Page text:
While there is no absence of books on how men should learn to express their emotions, have you seen it first-hand? Have you seen it more in younger generations then in older ones?
For both men and women it is a rare phenomenon to practice expressing deep gratitude to those that have made a real difference in our life while everyone is alive and well.
Here’s some both startling and encouraging news. I just spent a year of my life traveling about the United States and even abroad to visit with those people who had made an important difference in my life so I could express my deep gratitude. I visited with 44 people, 80% of whom were men.
During these extended conversations, not one of these men was uncomfortable receiving my heartfelt expressions of appreciation for their contributions to my life. Just the opposite – they were touched and honored by this gift of gratitude.
“I felt it was a gift of self recognition” described one very big-time executive.
It was enlightening for me to learn that even very smart people aren’t aware what they’ve said or done has made such a difference. The impact of my expression of gratitude was manifold. Not only did it feel good for the person to know they had made a difference, they were more alert to the possibilities of helping others in a similar way in the future.
These relationships had been long and meaningful, averaging some 25 years. My expressions of gratitude were neither superficial nor based on a singular event. They were reflections on the variety of ways they had influenced me and how each had impacted my life. Personal gifts are always appreciated. These explicit expressions of deep gratitude is what made the gift even more special.
Although the primary focus of these dialogues was for me to express my gratitude to them, without exception they took the opportunity to reciprocate. When they did, they realized the joy that comes from giving this deeply personal gift. Without exception, these men were very appreciative that I had “set the table” for this dialogue to happen and none of them missed the opportunity to take advantage of giving their gift of gratitude to me.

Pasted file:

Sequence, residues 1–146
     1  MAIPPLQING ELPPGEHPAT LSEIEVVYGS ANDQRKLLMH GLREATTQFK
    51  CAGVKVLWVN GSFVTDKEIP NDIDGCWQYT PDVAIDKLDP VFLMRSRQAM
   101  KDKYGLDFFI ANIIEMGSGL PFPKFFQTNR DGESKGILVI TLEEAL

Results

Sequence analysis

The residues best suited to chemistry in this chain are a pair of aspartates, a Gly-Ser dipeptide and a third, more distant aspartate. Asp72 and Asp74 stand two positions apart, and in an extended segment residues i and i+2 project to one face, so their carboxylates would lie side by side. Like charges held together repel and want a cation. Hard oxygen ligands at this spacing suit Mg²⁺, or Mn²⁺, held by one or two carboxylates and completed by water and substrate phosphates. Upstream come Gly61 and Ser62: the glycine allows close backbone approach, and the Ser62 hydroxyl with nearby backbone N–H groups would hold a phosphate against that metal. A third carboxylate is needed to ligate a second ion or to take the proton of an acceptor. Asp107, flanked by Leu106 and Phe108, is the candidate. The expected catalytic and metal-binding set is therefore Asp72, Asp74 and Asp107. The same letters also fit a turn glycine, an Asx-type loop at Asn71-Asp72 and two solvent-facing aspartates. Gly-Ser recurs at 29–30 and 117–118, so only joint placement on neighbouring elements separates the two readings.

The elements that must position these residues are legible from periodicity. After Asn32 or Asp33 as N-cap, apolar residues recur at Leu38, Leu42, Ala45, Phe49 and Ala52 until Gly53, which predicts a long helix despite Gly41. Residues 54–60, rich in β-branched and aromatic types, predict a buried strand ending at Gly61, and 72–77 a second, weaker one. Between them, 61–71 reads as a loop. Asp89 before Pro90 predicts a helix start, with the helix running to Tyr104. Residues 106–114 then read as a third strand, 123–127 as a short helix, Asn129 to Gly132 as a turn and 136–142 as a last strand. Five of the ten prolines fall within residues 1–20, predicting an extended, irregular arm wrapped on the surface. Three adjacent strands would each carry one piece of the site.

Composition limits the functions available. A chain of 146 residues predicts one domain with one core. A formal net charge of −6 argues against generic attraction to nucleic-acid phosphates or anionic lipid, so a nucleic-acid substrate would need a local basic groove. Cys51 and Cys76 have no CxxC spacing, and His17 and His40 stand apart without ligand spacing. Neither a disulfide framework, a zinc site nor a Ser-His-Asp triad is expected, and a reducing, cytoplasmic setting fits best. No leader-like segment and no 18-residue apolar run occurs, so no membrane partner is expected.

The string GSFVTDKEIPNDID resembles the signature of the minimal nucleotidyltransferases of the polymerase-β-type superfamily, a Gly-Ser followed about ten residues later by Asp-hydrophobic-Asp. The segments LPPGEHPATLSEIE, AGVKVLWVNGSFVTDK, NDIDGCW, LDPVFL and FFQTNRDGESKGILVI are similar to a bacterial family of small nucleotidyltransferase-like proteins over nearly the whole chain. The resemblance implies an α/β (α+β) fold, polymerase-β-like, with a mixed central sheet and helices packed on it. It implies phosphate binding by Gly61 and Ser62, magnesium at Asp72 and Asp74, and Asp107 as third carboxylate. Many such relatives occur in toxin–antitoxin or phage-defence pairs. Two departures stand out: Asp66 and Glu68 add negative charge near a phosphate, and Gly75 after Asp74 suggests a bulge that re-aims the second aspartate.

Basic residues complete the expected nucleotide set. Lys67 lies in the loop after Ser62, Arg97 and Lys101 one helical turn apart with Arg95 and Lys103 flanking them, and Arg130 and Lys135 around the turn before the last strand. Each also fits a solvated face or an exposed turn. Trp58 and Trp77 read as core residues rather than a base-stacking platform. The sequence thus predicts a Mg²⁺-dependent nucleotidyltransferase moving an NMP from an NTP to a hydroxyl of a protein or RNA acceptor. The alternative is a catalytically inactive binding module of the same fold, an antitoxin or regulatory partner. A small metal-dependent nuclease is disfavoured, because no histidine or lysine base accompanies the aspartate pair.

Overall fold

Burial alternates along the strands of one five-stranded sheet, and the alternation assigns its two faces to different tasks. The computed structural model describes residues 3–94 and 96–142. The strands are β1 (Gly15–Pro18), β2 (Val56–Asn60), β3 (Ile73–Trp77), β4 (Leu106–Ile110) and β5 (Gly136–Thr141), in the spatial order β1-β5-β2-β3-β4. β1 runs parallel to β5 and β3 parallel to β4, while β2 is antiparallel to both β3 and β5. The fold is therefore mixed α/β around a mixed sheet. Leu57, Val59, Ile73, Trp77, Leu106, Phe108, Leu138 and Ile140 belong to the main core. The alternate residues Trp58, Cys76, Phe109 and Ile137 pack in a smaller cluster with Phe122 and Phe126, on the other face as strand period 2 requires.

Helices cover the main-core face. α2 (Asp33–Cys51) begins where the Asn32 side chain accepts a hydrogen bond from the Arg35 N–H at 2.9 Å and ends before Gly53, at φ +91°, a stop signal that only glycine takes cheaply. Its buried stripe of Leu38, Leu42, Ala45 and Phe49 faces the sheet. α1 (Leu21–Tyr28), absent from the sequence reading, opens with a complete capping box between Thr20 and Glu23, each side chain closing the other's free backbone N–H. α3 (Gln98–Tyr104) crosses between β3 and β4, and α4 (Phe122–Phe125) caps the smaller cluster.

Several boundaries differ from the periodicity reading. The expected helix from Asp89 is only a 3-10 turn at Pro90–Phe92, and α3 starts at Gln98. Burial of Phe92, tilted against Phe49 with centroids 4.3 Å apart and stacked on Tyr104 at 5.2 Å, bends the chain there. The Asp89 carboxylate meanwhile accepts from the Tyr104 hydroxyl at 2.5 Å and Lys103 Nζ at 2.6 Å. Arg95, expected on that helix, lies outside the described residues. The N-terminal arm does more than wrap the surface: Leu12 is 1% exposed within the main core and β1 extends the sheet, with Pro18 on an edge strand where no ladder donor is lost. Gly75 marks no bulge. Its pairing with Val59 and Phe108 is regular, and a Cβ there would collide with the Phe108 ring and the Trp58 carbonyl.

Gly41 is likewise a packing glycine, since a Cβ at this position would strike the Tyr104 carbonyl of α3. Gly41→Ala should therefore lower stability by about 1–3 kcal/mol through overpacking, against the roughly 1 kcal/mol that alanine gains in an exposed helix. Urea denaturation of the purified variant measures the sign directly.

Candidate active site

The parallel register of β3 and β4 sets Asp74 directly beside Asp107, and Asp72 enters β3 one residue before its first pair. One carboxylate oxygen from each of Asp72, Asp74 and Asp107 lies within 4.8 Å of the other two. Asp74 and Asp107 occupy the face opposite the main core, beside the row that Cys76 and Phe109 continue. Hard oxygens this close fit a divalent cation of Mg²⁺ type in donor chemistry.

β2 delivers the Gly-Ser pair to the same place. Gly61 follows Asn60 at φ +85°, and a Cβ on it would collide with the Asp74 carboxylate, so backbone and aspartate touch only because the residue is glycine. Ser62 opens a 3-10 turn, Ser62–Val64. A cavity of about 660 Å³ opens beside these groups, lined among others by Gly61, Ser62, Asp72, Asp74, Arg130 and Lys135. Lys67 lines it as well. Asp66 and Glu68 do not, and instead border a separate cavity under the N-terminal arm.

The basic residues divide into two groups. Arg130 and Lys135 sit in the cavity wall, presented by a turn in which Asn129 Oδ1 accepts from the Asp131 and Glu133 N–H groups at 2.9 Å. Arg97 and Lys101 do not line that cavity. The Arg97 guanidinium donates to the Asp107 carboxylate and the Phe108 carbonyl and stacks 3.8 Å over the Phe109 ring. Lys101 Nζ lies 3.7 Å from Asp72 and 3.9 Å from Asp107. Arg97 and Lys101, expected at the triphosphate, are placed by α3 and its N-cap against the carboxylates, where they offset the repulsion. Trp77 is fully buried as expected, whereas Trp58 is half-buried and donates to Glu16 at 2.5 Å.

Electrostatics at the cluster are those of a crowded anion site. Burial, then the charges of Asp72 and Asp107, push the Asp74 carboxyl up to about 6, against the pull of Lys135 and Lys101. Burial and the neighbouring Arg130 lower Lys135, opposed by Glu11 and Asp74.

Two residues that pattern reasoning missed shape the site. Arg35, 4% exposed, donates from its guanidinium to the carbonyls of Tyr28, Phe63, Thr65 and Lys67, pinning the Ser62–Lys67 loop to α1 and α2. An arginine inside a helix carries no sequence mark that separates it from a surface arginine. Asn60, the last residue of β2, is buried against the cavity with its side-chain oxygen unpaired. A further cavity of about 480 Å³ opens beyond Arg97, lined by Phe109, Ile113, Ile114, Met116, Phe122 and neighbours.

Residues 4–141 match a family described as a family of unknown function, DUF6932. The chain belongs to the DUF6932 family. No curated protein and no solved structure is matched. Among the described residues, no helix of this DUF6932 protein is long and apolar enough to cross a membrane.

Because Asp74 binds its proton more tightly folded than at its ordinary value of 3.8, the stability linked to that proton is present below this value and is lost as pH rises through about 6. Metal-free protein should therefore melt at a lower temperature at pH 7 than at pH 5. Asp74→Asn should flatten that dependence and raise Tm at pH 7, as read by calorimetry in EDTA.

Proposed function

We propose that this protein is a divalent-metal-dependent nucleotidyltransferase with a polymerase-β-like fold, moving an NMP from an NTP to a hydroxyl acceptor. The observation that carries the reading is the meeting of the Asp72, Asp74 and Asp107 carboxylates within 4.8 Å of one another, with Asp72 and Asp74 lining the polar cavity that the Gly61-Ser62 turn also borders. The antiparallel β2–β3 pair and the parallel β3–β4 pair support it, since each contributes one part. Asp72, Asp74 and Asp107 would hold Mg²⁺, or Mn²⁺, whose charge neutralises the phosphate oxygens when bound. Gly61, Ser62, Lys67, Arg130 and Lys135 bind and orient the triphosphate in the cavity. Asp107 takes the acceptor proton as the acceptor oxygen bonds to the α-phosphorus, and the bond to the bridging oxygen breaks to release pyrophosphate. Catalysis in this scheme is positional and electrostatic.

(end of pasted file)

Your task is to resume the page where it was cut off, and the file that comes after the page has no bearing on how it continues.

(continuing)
Almost all had acknowledged that they would have felt bad had something happened to one of us and those expressions would have remained unsaid. Several of these men have already further demonstrated their enthusiasm by setting up their own conversations of gratitude.
Almost everyone has experienced the sadness and regret from not having said what we would have liked before the person dies. We think we have paid tribute and spoken to this person when we are given the opportunity to give a eulogy at a funeral but the reality is the person who most would appreciate the expressions of respect and gratitude is no longer here.
It is clear from my year long journey that men “get it” and they are very comfortable “giving it”. And I am not referring to just 30 or 40 year olds. All ages, young and old alike.
My hope is that men and women alike will pay it forward and that expressing profound gratitude to those who have made a real difference in our lives will become usual and customary. I am confident, based on my experience that men are more than up for it.